Systems of future to stress efficiency

HEALTH CARE INDUSTRIES

March 22, 1994|By Patricia Meisol | Patricia Meisol,Sun Staff Writer

In the health systems of the future, doctors will have to provide the precise amount of care needed. If the system sends patients to specialists when a primary care doctor will do, this will cost it money. Cutting corners when a specialist is needed could drag out recovery and cost more in the long run. Thus, the term, "managed care."

"It's a completely different way of thinking. Now the incentive is to provide efficient care -- only that [care] necessary," said Mark V. Stein, director of managed care for Sinai Hospital.

What it means is that specialists will lose patients and see their income reduced. And it means that hospitals might have to close or make themselves over into something else as managed care networks take hold.

A look at the numbers behind the recently announced plan by North Arundel Hospital to become part of a managed health care network helps explain why.

Health maintenance organizations that signed up to use the hospital's New American Health network expect to pay 450 days of hospitalization for every 1,000 members each year. New American quoted a price to the HMOs based on 225 hospital days. It is counting on its doctors to prescribe alternatives to hospital stays that help patients recover at the same pace but at less cost.

These are the kind of reductions in hospitalization that occurred in other parts of the country as managed care moved in. A lower rate of hospitalization automatically reduces HMO costs and allows them to beat competitors' prices (or improve profit margins).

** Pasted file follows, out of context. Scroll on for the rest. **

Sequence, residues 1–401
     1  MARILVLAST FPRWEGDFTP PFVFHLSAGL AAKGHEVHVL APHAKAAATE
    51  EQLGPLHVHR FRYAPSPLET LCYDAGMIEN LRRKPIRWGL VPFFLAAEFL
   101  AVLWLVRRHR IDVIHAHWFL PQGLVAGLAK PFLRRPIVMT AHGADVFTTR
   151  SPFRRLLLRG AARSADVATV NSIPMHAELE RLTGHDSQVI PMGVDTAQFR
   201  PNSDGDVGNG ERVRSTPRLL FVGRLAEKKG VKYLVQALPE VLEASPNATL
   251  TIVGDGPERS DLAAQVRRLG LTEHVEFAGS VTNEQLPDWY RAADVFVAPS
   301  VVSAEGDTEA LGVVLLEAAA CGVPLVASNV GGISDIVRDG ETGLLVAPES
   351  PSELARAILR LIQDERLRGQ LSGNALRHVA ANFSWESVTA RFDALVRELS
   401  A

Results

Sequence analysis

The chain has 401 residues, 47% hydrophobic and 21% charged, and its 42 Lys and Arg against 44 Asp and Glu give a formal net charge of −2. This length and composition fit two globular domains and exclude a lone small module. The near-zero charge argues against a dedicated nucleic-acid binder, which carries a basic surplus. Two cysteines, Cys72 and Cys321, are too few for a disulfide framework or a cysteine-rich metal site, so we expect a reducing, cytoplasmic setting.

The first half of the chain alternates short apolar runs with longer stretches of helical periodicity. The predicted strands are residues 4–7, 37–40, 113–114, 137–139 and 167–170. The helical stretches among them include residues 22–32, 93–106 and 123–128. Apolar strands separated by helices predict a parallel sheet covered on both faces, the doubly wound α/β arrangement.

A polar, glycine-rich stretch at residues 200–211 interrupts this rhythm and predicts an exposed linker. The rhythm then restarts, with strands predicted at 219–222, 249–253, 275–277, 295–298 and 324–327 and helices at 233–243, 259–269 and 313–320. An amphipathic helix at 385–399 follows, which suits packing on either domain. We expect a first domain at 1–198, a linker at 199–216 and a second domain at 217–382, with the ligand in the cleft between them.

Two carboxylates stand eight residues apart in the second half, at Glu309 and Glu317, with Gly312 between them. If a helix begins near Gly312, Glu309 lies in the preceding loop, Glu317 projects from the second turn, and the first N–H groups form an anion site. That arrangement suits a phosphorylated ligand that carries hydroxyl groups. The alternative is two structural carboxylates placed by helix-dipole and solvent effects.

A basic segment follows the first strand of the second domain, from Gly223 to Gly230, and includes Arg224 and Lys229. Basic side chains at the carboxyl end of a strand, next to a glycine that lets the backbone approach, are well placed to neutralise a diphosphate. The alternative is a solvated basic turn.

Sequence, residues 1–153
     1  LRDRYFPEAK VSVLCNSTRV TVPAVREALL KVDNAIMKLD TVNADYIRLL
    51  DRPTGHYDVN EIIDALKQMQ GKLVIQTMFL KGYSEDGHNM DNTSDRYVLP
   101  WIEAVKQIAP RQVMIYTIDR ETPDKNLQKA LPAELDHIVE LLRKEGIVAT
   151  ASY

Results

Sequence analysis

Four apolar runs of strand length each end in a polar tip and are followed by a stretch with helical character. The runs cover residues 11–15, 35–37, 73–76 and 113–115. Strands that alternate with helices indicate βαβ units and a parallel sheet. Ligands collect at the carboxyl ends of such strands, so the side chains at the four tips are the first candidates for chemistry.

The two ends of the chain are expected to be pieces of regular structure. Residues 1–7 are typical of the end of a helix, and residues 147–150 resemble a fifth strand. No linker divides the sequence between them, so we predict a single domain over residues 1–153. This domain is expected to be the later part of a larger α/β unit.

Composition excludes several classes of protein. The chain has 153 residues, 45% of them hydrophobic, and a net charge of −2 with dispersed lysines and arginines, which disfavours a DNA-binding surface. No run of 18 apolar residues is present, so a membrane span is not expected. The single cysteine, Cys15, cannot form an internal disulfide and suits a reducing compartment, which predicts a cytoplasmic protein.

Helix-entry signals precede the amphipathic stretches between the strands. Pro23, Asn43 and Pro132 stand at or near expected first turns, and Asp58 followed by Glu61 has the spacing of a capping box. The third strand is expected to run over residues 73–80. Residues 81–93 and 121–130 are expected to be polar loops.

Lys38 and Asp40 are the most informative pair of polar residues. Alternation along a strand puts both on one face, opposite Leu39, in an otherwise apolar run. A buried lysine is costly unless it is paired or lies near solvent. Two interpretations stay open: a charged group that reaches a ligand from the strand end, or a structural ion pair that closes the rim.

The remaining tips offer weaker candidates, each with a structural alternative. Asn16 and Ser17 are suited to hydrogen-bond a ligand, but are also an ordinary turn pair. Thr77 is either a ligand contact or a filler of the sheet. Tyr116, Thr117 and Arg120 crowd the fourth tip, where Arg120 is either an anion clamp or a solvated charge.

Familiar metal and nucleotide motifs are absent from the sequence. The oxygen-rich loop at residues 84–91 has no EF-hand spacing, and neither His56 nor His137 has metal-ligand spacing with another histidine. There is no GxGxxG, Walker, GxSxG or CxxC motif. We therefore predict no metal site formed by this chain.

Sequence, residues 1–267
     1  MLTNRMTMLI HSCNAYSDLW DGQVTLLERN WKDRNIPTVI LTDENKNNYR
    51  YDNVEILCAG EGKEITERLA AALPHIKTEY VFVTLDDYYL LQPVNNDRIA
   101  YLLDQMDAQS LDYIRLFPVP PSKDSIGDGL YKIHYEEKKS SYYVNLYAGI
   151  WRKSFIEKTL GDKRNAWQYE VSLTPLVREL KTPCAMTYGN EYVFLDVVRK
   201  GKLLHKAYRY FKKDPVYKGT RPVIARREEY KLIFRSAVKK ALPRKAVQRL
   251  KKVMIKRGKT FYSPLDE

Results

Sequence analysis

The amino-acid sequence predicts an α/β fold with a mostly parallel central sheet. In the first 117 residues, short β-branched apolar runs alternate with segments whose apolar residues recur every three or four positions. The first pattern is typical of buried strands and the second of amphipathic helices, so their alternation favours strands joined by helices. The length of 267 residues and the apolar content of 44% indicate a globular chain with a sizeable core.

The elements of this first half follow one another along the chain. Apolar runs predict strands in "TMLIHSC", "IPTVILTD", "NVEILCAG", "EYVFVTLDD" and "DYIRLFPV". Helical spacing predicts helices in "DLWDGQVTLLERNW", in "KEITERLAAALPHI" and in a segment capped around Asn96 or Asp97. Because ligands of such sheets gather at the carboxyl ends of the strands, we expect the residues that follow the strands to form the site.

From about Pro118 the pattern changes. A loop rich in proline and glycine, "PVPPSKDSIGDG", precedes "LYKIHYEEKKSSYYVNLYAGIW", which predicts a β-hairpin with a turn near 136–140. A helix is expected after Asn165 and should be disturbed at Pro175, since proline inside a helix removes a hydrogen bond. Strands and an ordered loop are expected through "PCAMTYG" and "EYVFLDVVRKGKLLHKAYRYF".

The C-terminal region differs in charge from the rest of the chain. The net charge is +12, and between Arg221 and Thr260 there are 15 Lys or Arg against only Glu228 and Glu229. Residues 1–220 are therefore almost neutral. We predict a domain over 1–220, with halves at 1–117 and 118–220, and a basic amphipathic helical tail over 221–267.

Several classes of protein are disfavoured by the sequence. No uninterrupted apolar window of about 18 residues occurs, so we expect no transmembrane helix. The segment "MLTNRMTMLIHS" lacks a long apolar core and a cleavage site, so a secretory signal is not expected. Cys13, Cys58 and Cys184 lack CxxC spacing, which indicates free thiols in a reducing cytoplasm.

It also means the hospital needs access to thousands more people yearly to keep its beds occupied.

Michael Steinberg, a Baltimore consultant who helped North Arundel set up its program, used an example of a hospital he is working for in New Jersey to illustrate the future facing hospitals.

That hospital has a 70 percent occupancy rate and a 20 percent market share. But only 6 percent of the region is enrolled in managed care programs. To keep its same occupancy rate as managed care reaches 25 percent of all residents, the hospital has to have a 50 percent market share.

"It means that two of every four hospitals have to close," Dr. Steinberg said.

The scene he paints is based on a current landscape. It's before the expected managed care avalanche makes it the dominant form of delivery sometime this decade -- and before Medicare, the federal health insurance program for the elderly and disabled, begins to use managed care programs in a more significant way.

In Maryland, 30 percent of the state's insured population is enrolled in managed care programs. But managed care patients occupy fewer than 12 percent of hospital beds, Dr. Steinberg notes. The reason is that HMOs until now have concentrated on younger and healthier populations that didn't need as much hospitalization. So hospitals can expect a bigger drop in occupancy as managed care companies begin to serve a broader population.

(In California, managed care companies pared hospital use by Medicare enrollees to 900 days per 1,000 people. The national average is 3,500 days.)

As the days patients spend in hospitals shrink, so will hospitals.

But, says Dr. Steinberg, "I don't know of any hospital that thinks it is going to close. I know a lot of hospitals that think their competitors will close."

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